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A strategic rebirth

After the last extract, Dan's punishment was quite severe; so severe only a new start and a tactical name change could help him move on.

Danny Lizar was born on September 3rd 1996 sitting on the downstairs of a double-decker bus heading out of Lancaster city centre, surrounded by screaming schoolchildren clambering over seats, hitting each other and shouting at the tops of their voices.  He was born from necessity, from the will to shed his skin and leave some of the past behind.  It was a small gesture, a slight name change, but it marked something of a cleansing.     

I had to start somewhere.

 

Now that they knew what I was capable of, Mum and Dad were keen to make sure that I stayed on the straight and narrow.  During my last term at primary school, my bag was checked on the way in and out of the house.  They also performed random searches of my bedroom to make sure that there were no new storybooks being created.  I was forbidden to have writing material in my room and any homework that I had was performed in the living room and checked by Mum or Dad before it was placed in my schoolbag.

Alex supported me without hesitation.  He had seen the whole thing and failed to see how it made me a bad person.  He still wanted me to come around and play, although it was notable that the television was never switched on when I went over there.  I was heavily supervised and Alex and I weren’t even allowed down to the park on our own.  These were my Dad’s stipulations and Robyn and Charles adhered to them rigorously. 

 

The repercussions extended much further than the family home.  Things didn’t improve when I returned to school for two weeks of lunchtime lines and formal apologies to both my classmates and the children in Year Two.  Several of the children had been instructed by their parents not to play with me, and it was a social exclusion that the school could only condone.  I was officially trouble, and the school knew that they would be rid of me at the end of term, so they left me to weather the storm with very little support.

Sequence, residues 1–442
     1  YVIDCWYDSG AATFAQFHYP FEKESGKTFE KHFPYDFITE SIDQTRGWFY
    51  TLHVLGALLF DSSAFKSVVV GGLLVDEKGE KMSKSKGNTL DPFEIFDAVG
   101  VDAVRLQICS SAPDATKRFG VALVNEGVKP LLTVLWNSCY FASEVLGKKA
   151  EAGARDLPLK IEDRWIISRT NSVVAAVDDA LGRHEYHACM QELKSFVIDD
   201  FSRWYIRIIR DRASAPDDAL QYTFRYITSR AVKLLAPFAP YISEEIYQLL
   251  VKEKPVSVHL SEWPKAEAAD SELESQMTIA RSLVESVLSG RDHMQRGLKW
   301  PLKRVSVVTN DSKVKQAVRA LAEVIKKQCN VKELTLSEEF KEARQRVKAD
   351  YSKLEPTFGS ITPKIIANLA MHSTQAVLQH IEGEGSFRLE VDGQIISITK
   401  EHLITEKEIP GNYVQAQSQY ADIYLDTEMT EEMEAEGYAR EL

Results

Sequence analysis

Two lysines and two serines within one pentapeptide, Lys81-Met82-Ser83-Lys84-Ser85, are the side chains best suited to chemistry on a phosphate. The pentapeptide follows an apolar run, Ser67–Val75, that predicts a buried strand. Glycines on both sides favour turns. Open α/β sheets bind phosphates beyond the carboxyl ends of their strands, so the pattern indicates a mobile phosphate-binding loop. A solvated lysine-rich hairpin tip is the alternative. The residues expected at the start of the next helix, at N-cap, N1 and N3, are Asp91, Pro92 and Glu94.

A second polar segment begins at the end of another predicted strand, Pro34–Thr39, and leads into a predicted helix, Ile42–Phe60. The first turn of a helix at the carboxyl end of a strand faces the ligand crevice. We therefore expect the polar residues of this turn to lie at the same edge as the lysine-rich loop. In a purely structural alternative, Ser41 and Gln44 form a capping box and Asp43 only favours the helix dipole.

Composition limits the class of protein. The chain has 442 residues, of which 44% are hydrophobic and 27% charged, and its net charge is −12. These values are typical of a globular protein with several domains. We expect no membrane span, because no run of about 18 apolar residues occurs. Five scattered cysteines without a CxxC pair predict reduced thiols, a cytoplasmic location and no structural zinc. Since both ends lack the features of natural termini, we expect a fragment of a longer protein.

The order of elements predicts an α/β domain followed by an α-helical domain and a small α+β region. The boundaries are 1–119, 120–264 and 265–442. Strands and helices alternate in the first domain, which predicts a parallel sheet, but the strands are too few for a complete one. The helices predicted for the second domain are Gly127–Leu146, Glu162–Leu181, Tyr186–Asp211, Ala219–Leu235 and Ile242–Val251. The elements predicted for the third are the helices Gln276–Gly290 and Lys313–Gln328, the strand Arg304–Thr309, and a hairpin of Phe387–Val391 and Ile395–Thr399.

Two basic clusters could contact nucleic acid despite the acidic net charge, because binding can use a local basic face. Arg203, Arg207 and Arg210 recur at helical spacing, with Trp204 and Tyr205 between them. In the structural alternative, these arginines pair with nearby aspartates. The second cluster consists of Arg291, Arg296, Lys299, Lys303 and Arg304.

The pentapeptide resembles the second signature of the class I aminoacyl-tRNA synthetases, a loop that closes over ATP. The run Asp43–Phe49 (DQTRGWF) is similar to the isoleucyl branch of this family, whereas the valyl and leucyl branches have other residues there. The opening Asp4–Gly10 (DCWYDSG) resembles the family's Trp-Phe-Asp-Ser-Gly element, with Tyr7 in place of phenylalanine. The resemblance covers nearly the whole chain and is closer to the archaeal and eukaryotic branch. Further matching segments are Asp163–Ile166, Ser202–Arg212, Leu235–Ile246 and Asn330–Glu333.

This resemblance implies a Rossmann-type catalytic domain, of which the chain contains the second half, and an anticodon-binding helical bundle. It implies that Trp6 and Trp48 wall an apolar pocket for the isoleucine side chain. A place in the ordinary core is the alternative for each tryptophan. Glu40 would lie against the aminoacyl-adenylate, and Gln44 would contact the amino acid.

There’s something about a smart child with behavioural difficulties that people found hard to take.  If the stupid kids were naughty, it seemed to be expected.  The children with parents poorer than mine could start any number of fights and not experience the social stigma of what I had done.  I think people were shocked because I was from a respectable family.  Were it not for Alex’s blind loyalty, then I would have been completely alone during my last weeks at primary school. 

There were several rumours doing the rounds during the last term.  Alex used to tell me what they were at my insistence, and it seemed that many of them were stemming from their parents.  There were comments made about my family, most of them outlandish lies.  But there were things said in school that weren’t so far off the mark, but I was yet to learn that.  There was definitely talk of a relative in prison, but I didn’t check any of the stories out with my Mum and Dad.  I didn’t want to them to think that things were worse than they already were, mainly because I thought it would get me in even more trouble.

 

My woes were exacerbated when Lauren didn’t return after the Easter holidays.  Her father hadn’t calmed down and had insisted on home schooling her until high school, where she would be far away from my corrupting influence. 

            It was probably guilt that compelled Mum to make me change schools instead of Lauren.  She called Mr Bell to let him know what they were doing, but he didn’t change his mind.  He had decided that boys in general were trouble, and that it would help Lauren immeasurably if she were kept away from them.  It also coincided with his brick-laying business making some real money and my parents told me later that they thought he was just keen to prove he had cash.

            Irrespectively it remained that I was to head to Albany Cross High School, a few miles beyond the other side of the city to me, where the only person I would know was me.

            It’s a measure of Alex’s friendship that he asked to be moved as well.  His father told him not to be so stupid, but Robyn could see something in the idea.  My parents didn’t disagree, thinking that it might be incredibly damaging to send me away completely alone.  It was the only leniency showed to me over those months, and within a week I was cheered to discover that my best friend would be coming with me.

            Some would say I never deserved Alex, not even then.